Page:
IDEAS home Printed from
   My bibliography  Save this paper

Customers' Complaints and Quality Regulation


  • Nicollier, Luciana A.

    (Department of Economics, University of Warwick)


By studying a monopoly investment decision, this paper considers the informativeness of customers complaints in contexts characterised by the absence of direct benefits and free riding incentives. Neither the consumer nor the regulator observe the firm's investment, they only observe a realisation of quality that is related to investment in a first order stochastically dominance sense. After observing quality, consumers decide whether to complain based on the difference between the realised quality and a reference point defined by their rational expectations. If a high proportion of consumers complain, the regulator punishes the firm. The paper shows that the absence of a reference point results either in no complaints in equilibrium or in the proportion of complaints being independent of the realised level of quality. The main result is that complaints are not always informative about the level of quality being delivered by the firm. Indeed, a firm might be punished despite of investment levels being high if consumers expected high quality or, on the contrary, not being punished when investing is low if consumers expected low quality. Furthermore, this lack of informativeness can be worsened by a repeated interaction between the firm and the consumers. JEL classification: L12 ; L15 ; D42

Suggested Citation

  • Nicollier, Luciana A., 2012. "Customers' Complaints and Quality Regulation," The Warwick Economics Research Paper Series (TWERPS) 990, University of Warwick, Department of Economics.
  • Handle: RePEc:wrk:warwec:990

    Download full text from publisher

    File URL:
    Download Restriction: no

    References listed on IDEAS

    1. Waterson, Michael & Doyle, Chris, 2010. "Your call: eBay and demand for the iPhone 4," The Warwick Economics Research Paper Series (TWERPS) 949, University of Warwick, Department of Economics.
    2. Paul Resnick & Richard Zeckhauser & John Swanson & Kate Lockwood, 2006. "The value of reputation on eBay: A controlled experiment," Experimental Economics, Springer;Economic Science Association, vol. 9(2), pages 79-101, June.
    3. Anthony Downs, 1957. "An Economic Theory of Political Action in a Democracy," Journal of Political Economy, University of Chicago Press, vol. 65, pages 135-135.
    4. Silke J. Forbes, 2008. "THE EFFECT OF SERVICE QUALITY AND EXPECTATIONS ON CUSTOMER COMPLAINTS -super-," Journal of Industrial Economics, Wiley Blackwell, vol. 56(1), pages 190-213, March.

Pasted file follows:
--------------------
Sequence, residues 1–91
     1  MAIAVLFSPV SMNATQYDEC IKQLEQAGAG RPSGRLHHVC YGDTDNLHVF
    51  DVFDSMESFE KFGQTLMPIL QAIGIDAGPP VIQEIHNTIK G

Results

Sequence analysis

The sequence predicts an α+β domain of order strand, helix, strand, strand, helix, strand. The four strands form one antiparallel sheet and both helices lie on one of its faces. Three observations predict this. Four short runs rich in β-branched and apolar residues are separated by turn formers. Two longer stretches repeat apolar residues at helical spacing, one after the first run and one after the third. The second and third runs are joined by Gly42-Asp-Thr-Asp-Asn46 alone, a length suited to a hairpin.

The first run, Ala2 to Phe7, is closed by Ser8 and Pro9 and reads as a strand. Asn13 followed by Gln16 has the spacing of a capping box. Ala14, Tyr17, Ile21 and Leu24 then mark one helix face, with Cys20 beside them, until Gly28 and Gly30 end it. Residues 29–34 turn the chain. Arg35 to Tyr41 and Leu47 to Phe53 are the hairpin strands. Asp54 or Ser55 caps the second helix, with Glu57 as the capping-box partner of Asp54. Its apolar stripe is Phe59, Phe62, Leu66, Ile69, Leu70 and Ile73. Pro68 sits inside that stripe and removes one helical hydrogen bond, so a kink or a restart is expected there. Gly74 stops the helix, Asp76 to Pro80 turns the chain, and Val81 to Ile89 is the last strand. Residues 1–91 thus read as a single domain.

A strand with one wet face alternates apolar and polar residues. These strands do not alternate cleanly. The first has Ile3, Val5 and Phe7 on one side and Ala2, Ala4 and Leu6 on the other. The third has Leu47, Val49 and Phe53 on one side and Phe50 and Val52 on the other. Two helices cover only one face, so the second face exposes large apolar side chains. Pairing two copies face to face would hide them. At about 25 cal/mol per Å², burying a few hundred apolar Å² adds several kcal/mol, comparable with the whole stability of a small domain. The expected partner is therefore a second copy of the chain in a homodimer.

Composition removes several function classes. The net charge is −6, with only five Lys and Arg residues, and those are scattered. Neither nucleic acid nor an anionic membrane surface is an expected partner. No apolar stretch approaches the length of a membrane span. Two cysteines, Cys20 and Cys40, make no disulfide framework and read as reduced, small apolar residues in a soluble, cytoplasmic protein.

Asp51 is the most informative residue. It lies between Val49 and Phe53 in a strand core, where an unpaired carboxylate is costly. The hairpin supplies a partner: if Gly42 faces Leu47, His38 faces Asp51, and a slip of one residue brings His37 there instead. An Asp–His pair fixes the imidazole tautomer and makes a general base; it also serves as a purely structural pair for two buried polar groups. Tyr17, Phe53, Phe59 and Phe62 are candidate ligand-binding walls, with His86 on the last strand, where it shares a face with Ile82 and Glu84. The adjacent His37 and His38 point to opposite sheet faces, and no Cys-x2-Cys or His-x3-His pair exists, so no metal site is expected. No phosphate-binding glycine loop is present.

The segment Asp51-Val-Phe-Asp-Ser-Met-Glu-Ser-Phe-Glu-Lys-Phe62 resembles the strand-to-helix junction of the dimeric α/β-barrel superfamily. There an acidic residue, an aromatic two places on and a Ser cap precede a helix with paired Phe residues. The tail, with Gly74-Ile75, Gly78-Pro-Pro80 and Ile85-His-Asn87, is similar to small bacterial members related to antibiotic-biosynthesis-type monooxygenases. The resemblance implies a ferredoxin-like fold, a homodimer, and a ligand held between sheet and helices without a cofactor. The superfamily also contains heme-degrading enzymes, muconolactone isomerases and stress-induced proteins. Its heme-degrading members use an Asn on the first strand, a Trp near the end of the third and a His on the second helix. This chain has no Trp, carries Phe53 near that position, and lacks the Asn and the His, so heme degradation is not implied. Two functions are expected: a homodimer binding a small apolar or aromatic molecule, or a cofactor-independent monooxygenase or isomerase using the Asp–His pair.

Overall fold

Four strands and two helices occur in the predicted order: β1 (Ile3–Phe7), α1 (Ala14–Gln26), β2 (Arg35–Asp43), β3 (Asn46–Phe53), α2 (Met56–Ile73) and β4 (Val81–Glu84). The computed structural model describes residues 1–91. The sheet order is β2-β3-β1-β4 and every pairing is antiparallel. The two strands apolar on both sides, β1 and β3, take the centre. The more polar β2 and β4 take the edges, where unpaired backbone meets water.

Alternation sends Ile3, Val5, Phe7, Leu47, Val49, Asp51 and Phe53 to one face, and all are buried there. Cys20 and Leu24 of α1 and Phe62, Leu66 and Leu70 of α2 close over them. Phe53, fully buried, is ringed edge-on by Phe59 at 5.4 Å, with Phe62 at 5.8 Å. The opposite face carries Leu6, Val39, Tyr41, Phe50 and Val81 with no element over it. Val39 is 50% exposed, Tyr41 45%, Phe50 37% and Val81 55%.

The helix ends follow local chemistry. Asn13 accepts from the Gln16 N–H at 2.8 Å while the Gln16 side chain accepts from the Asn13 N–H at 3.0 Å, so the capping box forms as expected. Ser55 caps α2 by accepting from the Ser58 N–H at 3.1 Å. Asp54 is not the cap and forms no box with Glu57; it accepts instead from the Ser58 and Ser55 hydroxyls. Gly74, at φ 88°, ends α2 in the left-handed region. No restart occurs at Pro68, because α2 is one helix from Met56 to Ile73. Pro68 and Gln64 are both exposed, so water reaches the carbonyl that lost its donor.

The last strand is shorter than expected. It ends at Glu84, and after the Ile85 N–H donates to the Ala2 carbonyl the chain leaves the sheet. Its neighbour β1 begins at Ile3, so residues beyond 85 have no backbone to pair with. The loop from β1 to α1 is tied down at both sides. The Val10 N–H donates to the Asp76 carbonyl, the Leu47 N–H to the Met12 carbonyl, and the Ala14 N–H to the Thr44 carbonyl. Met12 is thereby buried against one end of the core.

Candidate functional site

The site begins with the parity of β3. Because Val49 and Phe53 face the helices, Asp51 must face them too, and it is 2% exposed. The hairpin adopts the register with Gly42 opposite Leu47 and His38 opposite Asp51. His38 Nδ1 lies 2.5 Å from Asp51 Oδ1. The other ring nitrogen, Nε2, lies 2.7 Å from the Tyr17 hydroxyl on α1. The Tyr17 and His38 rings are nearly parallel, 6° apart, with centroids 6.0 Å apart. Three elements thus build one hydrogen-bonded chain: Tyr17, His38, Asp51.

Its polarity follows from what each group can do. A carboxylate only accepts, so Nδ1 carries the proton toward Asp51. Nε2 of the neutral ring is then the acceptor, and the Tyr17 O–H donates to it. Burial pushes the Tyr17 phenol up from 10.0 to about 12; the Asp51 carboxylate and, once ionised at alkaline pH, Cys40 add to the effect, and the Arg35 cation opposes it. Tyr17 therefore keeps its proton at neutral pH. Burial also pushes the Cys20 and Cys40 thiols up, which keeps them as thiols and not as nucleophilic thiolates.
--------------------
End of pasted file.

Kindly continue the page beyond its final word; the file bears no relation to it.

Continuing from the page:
5. Jean-Jacques Laffont & Jean Tirole, 1993. "A Theory of Incentives in Procurement and Regulation," MIT Press Books, The MIT Press, edition 1, volume 1, number 0262121743, January.
    6. Stephen Coate & Michael Conlin, 2004. "A Group Rule–Utilitarian Approach to Voter Turnout: Theory and Evidence," American Economic Review, American Economic Association, vol. 94(5), pages 1476-1504, December.
    Full references (including those not matched with items on IDEAS)

    More about this item


    Complaints ; Quality Regulation ; Reference Dependence;

    JEL classification:

    • L12 - Industrial Organization - - Market Structure, Firm Strategy, and Market Performance - - - Monopoly; Monopolization Strategies
    • L15 - Industrial Organization - - Market Structure, Firm Strategy, and Market Performance - - - Information and Product Quality
    • D42 - Microeconomics - - Market Structure, Pricing, and Design - - - Monopoly

    NEP fields

    This paper has been announced in the following NEP Reports:


    Access and download statistics


    All material on this site has been provided by the respective publishers and authors. You can help correct errors and omissions. When requesting a correction, please mention this item's handle: RePEc:wrk:warwec:990. See general information about how to correct material in RePEc.

    For technical questions regarding this item, or to correct its authors, title, abstract, bibliographic or download information, contact: (Margaret Nash). General contact details of provider: .

    If you have authored this item and are not yet registered with RePEc, we encourage you to do it here. This allows to link your profile to this item. It also allows you to accept potential citations to this item that we are uncertain about.

    If CitEc recognized a reference but did not link an item in RePEc to it, you can help with this form .

    If you know of missing items citing this one, you can help us creating those links by adding the relevant references in the same way as above, for each refering item. If you are a registered author of this item, you may also want to check the "citations" tab in your RePEc Author Service profile, as there may be some citations waiting for confirmation.

    Please note that corrections may take a couple of weeks to filter through the various RePEc services.

    IDEAS is a RePEc service hosted by the Research Division of the Federal Reserve Bank of St. Louis . RePEc uses bibliographic data supplied by the respective publishers.